Boston Celtics forward Jayson Tatum understands team goals are more important than individual ones, so it’s no surprise to learn that coming off the bench next season would not bother him.

“I understand how deep our team is,” Tatum recently told Nicole Yang of “I just care about winning and doing what I can while I’m on the floor.”

Celtics coach Brad Stevens arguably has the deepest roster in the NBA entering next month’s training camp. In fact, the Celtics’ best bench lineup of Terry Rozier, Marcus Smart, Marcus Morris, Daniel Theis and Aron Baynes likely would give many starting fives a stiff challenge.

Tatum isn’t worried about the Celtics getting upset over playing time, though, despite the team’s abundance of players worthy of sizable minutes.

“Everybody has a job to do,” Tatum said, per Yang. “Our job is to be the best versions of ourselves and come together for a bigger goal, which is winning a championship. Brad’s job is to manage playing time and manage all sorts of stuff. That’s why he’s the coach. We got a bunch of selfless guys on the team that just want to win. We’ll figure it out.”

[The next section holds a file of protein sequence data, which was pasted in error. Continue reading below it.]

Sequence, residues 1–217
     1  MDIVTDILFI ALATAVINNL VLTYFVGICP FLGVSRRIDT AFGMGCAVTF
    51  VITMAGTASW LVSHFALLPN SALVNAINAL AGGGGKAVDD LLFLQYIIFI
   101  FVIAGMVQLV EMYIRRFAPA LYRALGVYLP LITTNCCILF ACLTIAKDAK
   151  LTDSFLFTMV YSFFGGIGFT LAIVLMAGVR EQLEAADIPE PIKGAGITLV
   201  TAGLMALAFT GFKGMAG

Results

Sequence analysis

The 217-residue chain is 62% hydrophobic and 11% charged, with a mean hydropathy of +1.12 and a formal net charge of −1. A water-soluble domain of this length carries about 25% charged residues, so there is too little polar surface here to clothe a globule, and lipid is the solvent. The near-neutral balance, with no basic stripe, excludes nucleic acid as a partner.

Tatum’s willingness to come off the bench should be applauded, but the best decision for the C’s is to have him in the starting lineup, like he was for all 80 regular-season and 19 playoff games he played during his rookie campaign.

The Duke product started at power forward on Opening Night last season, alongside Kyrie Irving, Jaylen Brown, Gordon Hayward and Al Horford. Stevens probably will use that same lineup to start most games this season, since it features the team’s five best players and presents matchup problems for opponents on defense.

It’s quite possible that Tatum’s role will decrease now that Irving and Hayward — two 20-point scorers and primary ball-handlers — are healthy again, but coming off the bench doesn’t really make a whole of sense for him, unless he struggles mightily in Year 2 and that doesn’t seem likely.

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